Home NASL & USL FC Edmonton FCE’s Parker breaks arm in loss to Carolina

FCE’s Parker breaks arm in loss to Carolina


FC Edmonton’s 1-0 loss to the Carolina RailHawks was made all the more painful due to a serious injury suffered by keeper Lance Parker.

Parker was carried off a stretcher, right arm immobilized, to a waiting ambulance on the sidelines after colliding with Carolina striker Etienne Barbara and falling awkwardly to the hard Foote Field artificial surface.

Early word from the club is that Parker has a compound fracture of his right arm.

“It was a little gruesome,” said FC Edmonton defender Paul Hamilton. “It’s tough to see a teammate go down like that.”

Parker, who was named Defensive Player of the Week earlier this season when he backstopped FCE to a win in Atlanta and a draw in Tampa, had drawn back in because Rein Baart was serving his second red-card suspension of the season.

No. 3 keeper Jaswinder Gill was nursing a bad back and wasn’t available, so Justin Ammar, signed to an amateur contract before the game, was pressed into service.

FC Edmonton plays Puerto Rico Wednesday and Baart will be available to start, but it’s unclear who will back up.

Dan Antoniuk tries to barge past the Carolina back line. PHOTO: JOHN TURNER
Dan Antoniuk tries to barge past the Carolina back line. PHOTO: JOHN TURNER

The home side was able to do something no other club in NASL was able to do this season; hold Etienne Barbara off the scoresheet. Barbara, who had either a goal or assist in every game this season for the league-leading RailHawks, didn’t get onto the scoresheet.

“I think we played really well,” said Hamilton, “We took away their strengths.”

FC Edmonton coach Harry Sinkgraven made some major alterations to his starting XI, as the club moved to a shape closer to a 4-5-1 rather than a 4-3-3, something it has found necessary on the tiny-but-quick Foote Field surface. Alex Surprenant reclaimed his starting role at left back; John Jonke moved into the centre of the backline, as Dutch veteran Paul Matthijs’ various aches and pains didn’t allow him to go. Paul Craig was replaced in the centre of the attack by veteran Dan Antoniuk.

Craig later came on as a sub.

Kyle Yamada couldn’t go because of an ankle injury suffered two games ago, so Shawn Chin continued on the left side of the attack.

And Parker got the start in goal thanks to the red card Rein Baart received in Saturday’s loss in Montreal.

Carolina created some chances in the first half; the best coming when former Real Salt Lake striker Pablo Campos headed an open header wide of goal.

FC Edmonton’s Kyle Porter carved out an excellent chance, coming in off the right wing and using the defender as a screen, but Carolina keeper Brad Knighton did well to get his hands to the ball even though he saw it late.

But Carolina kept coming at FCE (5-4-1) in the second half — as the home team looked to soak up the pressure and try to hit back at league leaders on the counter.

FC Edmonton forward Shawn Chin tries to beat Carolina defender Cory Elenio. PHOTO: JOHN TURNER.
FC Edmonton forward Shawn Chin tries to beat Carolina defender Cory Elenio. PHOTO: JOHN TURNER.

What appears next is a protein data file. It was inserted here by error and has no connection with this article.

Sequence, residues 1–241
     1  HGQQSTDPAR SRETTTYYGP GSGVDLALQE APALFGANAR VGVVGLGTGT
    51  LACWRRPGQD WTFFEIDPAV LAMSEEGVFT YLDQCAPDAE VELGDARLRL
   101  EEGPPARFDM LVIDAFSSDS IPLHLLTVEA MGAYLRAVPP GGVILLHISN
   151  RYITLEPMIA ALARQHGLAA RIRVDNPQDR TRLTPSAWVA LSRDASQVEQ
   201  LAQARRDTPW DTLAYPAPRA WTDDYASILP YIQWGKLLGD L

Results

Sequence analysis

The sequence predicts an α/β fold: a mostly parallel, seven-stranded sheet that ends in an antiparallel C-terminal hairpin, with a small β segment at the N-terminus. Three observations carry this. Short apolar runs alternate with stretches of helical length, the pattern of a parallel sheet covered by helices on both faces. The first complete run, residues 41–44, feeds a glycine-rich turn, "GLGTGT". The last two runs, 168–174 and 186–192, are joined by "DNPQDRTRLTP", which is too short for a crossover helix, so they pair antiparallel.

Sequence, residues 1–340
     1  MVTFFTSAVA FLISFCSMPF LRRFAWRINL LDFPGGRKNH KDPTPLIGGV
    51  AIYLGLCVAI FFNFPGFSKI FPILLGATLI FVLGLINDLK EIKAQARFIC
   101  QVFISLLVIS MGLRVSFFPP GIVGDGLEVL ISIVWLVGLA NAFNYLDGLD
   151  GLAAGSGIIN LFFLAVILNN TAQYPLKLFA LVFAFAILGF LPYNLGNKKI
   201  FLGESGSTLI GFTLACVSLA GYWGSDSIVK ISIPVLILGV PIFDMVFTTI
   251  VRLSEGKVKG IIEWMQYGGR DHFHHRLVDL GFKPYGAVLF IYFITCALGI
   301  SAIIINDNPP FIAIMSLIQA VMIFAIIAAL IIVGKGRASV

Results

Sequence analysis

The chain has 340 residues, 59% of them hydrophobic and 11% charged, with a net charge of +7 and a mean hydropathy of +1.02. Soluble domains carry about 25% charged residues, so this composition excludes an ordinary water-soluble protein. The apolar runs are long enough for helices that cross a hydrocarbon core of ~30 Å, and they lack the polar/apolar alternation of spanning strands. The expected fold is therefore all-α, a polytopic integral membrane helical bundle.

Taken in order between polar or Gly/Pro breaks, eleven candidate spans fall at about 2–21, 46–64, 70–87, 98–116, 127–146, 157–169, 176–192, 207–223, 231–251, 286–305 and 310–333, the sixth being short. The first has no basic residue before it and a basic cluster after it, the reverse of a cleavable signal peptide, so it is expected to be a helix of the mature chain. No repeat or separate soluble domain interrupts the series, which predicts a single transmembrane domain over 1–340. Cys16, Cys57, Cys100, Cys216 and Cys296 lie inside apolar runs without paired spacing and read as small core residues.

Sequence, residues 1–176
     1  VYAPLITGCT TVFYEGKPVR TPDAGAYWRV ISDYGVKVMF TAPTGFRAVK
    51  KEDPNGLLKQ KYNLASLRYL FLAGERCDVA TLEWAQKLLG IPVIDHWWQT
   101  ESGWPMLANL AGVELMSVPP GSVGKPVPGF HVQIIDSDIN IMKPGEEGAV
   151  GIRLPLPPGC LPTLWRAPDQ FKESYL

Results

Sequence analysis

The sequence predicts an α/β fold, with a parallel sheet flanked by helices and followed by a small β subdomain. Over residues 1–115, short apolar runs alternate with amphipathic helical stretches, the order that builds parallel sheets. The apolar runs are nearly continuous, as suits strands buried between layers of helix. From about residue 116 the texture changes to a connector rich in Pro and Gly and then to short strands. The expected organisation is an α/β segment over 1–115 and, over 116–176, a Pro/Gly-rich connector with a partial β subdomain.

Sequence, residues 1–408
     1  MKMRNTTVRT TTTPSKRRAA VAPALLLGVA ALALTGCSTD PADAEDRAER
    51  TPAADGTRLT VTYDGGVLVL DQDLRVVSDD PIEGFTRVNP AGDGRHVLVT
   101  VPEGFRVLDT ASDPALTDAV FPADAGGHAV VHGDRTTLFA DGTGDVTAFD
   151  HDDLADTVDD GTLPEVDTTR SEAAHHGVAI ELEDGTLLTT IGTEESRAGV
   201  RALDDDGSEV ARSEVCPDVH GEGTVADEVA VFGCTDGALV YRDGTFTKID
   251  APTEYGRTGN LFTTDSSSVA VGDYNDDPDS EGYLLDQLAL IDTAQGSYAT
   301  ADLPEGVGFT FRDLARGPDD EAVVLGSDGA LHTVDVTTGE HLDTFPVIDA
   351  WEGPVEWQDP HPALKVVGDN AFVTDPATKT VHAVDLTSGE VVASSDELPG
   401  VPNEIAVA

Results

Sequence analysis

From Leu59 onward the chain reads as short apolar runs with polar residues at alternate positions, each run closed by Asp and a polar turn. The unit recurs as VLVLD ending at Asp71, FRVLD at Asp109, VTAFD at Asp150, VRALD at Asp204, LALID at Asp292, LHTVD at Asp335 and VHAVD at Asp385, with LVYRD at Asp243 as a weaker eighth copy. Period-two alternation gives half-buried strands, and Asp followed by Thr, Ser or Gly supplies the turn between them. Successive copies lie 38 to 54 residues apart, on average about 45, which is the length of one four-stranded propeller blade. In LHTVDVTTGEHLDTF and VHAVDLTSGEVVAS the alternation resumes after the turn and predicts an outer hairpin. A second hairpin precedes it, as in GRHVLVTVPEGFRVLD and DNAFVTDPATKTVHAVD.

Yet, the hard work was undone by the hard home turf. Barbara and Jonke were occupying each other as the ball bounced by them. The ball spun away from FCE’s Chris Kooy and Alex Surprenant, allowing Carolina’s Matt Watson to run on to it and finish on the volley.

Barbara later had the ball in the back of the net. But, he was dismayed when, after the referee and linesmen conferred, the goal was waved off. A whistle had gone before Barbara scored, but the linesman’s flag stayed down. A fan had blown the whistle, and was later warned by the referee to not do that again. To add to the confusion, the referee restarted play with a drop ball — suggesting no foul or infringement on the play — rather than giving FCE a free kick.

Or allowing the goal.

The confusion looked to take Carolina out of their rhythm, as the pressure subsided as the second half wound down.

FCE had one good chance after the injury, which added seven minutes of time to the second half. Michael Cox fought through a foul and ran towards goal, only to have the ref decide not to play the advantage even though he had a clear sight of Knighton.

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  1. Flips

    June 14, 2011 at 12:43 am

    The classic example was when Oppong (I think it was) was run over from behind in the midfield by a NC player and the ref played the advantage for NC… reffing was brutal. Though if a fan blew the whistle (it sounded to me, being there, that it came from the ref), if I was Barbara I would have been PO’d too.

  2. Garth

    June 11, 2011 at 2:43 pm

    The complaining by Barbara was awful.

    • MB

      June 12, 2011 at 1:21 am

      I think all the notoriety has gone to his head. He intimidated the ref at every turn as did the whole NC team. Unfortunately the championship will probably go through NC. This team can play good hard football but likes to intimidate. FCE should be congratulated on remaining composed. If the ref had controlled the NC antics it could have been a classic match.

      • Garth

        June 12, 2011 at 3:22 am


  3. MB

    June 11, 2011 at 2:27 pm

    You alluded to the ref’s play. Too many times this season FCE has had to battle against a poor centre ref. It has affected the outcome in games and the league needs to do a much better job having the right officials.

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